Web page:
Delegation principles - stimulates growth and (collective) knowledge

Lets begin by journeying back a couple of decades. Information technology architecture meant (then as now) complex design, mysterious large black boxes in a noisy (often too warm) room down in the basement of your office location. A room to which only a few had access (the sacred data-temple) and in fact only a few really needed access. Users normally got specific functions on an amber or b/w monitor, there were some applications and that was about it.

As we all know, in information technology the universe literally has re-created itself multiple times since those days. And produced quite a few "Big Bangs". Had evolutionary biology transformed as quickly as IT we should now have IR sensory links connected to our brain and hooked up to a tiny little black flat card carried either in your wallet, pocket or belt. That does all you ever need a doo-hickey to perform of miracles. That had Gigabits worth of connectivity to a mother computer.

Besides the point really. Now, throughout the evolution of technology many breeds and flavors have seen the light of day,  as well as sunset. Some good ones that (for given reasons/needs) carry on being imperial. Meaning that you really do need experts to run things. Then again others where a new breed of distribution is possible. Distribution of knowledge with delegation of responsibility. You find quite a few working on this principle today, among others in the field of collaboration technologies and services.

Collaboration, fine, what about delegation?

Ok so technology and services, applications and servers requires some form of management. By Process, functions, automation and/or individuals. Some requires less than others, open up to a much more distributed or non-centric administration and knowledge model. In the later 90's we began working with collaboration technologies. Running pilots with user communities while testing, nationally as well as globally. This ensured a much more sound and solid build, and I will say an experience that for me has remained invaluable ever after.

So we worked with selected collaboration technologies and began to look at various delegation models. Where a type of responsibility or role, previously carried out by an IT professional, moved to a super user. Who was connected with the business and could delegate further responsibility across wanted parts of the organization. It kept on developing and became something that today would look very much like a social network. We continued the exploring and testing new administrative methodologies across the globe. With various business types, cultures, and got very good results. Technologies used were the first generation of IBM collaboration software, some of these still exists today, others have been merged into larger platforms (such as IBM Connection).

From a little pilot the service grew to a global service that at its peak had thousands of users spread across hundreds of locations. Internally as externally, employees, customers, partners, suppliers interacted across borders. Major saving were achieved in those days. But behind it was a very small team of administrators, developers and designers. It was a low cost operation with some great performance results, that also documented, published and communicated diverse material. For self service and support. We also did workshops and seminars, physical hands-on as well as e-meetings.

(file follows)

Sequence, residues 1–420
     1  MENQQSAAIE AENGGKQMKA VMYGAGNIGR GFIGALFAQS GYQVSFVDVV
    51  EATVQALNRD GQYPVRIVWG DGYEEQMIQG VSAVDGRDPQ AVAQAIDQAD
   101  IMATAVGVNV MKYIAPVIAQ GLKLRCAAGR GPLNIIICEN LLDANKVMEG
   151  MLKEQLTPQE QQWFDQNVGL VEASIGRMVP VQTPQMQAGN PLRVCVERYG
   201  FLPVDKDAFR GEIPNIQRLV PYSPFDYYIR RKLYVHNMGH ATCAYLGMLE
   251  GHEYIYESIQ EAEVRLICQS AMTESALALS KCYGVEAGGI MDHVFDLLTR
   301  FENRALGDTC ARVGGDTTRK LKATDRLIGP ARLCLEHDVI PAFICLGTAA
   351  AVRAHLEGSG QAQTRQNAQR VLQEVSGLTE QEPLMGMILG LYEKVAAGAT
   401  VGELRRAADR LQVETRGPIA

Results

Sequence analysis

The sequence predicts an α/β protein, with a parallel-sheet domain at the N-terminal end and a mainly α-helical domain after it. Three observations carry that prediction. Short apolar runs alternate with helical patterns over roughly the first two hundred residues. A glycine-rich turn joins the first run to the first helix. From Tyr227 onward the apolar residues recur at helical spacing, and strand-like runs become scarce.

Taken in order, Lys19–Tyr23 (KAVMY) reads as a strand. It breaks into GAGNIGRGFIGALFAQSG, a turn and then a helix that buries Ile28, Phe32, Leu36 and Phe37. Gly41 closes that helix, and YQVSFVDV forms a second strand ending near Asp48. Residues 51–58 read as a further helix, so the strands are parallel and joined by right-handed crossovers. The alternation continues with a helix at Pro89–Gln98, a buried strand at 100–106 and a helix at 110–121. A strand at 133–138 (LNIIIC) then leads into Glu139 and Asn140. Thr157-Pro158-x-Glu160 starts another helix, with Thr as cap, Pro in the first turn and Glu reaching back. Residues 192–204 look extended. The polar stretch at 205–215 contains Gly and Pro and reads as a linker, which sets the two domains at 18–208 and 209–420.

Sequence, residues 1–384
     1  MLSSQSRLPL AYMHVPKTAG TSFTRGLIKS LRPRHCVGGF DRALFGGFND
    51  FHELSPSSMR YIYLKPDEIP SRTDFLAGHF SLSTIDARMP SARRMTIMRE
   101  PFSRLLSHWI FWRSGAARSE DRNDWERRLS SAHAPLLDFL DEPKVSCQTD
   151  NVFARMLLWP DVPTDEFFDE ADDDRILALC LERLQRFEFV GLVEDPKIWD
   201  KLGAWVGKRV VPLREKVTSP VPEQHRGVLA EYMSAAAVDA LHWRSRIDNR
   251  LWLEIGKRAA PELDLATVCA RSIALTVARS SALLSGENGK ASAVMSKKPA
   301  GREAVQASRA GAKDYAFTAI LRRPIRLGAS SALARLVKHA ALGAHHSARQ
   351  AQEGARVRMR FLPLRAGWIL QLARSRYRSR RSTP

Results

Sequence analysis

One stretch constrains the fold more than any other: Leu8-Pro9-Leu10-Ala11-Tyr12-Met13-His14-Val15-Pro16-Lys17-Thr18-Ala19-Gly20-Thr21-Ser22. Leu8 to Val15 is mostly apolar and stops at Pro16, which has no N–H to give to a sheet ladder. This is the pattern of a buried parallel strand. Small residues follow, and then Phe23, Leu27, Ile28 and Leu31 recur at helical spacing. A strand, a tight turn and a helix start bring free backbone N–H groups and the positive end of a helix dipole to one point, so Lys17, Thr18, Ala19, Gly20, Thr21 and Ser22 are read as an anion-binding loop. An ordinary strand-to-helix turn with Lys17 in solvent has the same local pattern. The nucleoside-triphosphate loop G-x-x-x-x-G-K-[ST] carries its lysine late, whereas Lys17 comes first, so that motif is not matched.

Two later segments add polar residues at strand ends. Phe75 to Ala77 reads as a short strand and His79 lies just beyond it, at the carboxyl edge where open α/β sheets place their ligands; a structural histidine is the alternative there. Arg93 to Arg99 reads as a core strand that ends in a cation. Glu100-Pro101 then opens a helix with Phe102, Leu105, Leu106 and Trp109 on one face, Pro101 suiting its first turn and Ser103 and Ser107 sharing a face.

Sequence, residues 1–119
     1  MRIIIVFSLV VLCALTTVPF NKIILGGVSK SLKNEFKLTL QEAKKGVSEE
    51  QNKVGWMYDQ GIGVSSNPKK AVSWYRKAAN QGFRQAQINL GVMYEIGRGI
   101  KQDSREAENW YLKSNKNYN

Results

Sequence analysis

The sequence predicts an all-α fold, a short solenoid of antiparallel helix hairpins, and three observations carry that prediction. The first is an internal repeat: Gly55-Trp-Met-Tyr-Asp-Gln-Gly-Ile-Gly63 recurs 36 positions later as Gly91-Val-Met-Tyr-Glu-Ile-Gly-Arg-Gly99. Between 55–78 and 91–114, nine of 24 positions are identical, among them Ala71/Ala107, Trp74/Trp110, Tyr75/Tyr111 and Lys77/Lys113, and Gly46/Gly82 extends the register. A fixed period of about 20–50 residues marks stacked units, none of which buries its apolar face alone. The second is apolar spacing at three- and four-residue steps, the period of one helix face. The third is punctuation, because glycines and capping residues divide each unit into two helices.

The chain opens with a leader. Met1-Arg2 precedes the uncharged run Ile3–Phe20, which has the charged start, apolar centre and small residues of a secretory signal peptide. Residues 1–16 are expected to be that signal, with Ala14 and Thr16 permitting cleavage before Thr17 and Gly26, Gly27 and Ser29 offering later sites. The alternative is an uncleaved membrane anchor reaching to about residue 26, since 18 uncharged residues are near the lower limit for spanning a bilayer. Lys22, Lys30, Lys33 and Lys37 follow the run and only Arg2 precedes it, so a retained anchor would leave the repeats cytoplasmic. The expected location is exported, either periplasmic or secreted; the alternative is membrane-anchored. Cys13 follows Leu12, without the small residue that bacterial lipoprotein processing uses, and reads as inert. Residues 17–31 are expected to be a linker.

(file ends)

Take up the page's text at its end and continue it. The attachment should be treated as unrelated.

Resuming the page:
We had some pretty good ideas before we started, some were developed together with the different cultures/communities. We founded delegation principles that leveraged competence and skills across a vast community. With minimal costs, this also created attraction among the users to explore new frontiers. Looking back it very much was a pioneering age, and I won't hesitate to say that many of our experiences either are more standards today, or about to become implemented as standards.

Consider methodologies, spread but with focus.

We learned invaluable lessons during those years and proved that training is vitally important to the success of any tool, or any service. It is in fact so important that while establishing an organizational RPM, or "learning torque"it should never be allowed to stop. The process is as important if not more important than the corporate evolution. As important as the evolution of products and services that keeps an enterprise maintaining competitive edge. It is far more cost efficient to let that which is in motion, stay in motion.

Delegation philosophy in IT services and systems may also inspire, and create engagement. Valuable to the longevity of any design, any concept, vital to the development of any culture But one may explore advantages outside limitations of one service/design, as methodologies probably can apply to a variety of processes. So in essence, as much if not more a question of culture and delegation principles than the platform. Although I have to say, some technologies may enable more flying start than others.

"Disclaimer": this blog was originally written over a decade ago but I decided to repost it since i thought some, if not all, of the content to be relevant still.

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